Under the government of Babylon, police magistrates were civil officers in the jurisdictional districts who were learned in the law and exercised limited judicial authority. They were among the officials gathered to bow to Nebuchadnezzar’s image of gold.—Da 3:2, 3.
In Roman colonies, the administration of government was in the hands of civil magistrates, called stra·te·goiʹ in the Greek cities. There could be 3, 4, usually 5, or even 10 or 12 making up the magisterial board. These had the duties of keeping order, administering finances, trying and judging law violators, and ordering the execution of punishment. Sometimes their names and titles appear on coins issued by a city. Constables, or lictors, were assigned to them to carry out their orders.—See CONSTABLE.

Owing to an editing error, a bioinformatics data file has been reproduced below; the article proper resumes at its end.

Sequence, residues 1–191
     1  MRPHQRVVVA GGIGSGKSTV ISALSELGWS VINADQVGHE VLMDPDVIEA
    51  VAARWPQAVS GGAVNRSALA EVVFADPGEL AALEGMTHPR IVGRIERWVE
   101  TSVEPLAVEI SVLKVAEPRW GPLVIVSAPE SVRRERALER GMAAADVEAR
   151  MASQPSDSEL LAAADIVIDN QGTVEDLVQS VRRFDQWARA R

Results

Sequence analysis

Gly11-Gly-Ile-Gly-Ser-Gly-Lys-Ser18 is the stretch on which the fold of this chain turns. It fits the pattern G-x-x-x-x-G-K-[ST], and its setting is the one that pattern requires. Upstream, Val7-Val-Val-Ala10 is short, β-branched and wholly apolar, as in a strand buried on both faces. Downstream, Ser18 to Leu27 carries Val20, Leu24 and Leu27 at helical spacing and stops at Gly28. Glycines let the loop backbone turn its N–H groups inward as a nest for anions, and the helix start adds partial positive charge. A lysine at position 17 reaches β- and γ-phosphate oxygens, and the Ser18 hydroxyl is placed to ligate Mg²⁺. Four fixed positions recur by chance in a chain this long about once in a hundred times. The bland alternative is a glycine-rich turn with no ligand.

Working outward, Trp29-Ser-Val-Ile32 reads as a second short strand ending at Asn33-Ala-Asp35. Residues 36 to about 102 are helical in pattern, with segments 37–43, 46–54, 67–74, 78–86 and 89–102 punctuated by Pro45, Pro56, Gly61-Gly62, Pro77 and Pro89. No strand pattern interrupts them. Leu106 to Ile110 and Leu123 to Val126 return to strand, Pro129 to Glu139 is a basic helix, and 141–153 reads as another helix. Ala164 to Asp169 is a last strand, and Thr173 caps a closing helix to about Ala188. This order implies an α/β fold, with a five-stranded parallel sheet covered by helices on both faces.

The civil magistrates in the Roman colony of Philippi (Ac 16:12), without a trial, had Paul and Silas put into stocks. The next day, the magistrates sent constables to release them. But Paul, in order to give public and legal vindication to the good news that he preached, demanded that the magistrates personally release them. The magistrates, fearing trouble with Rome over flogging Roman citizens, entreated Paul and Silas and released them.—Ac 16:19-39.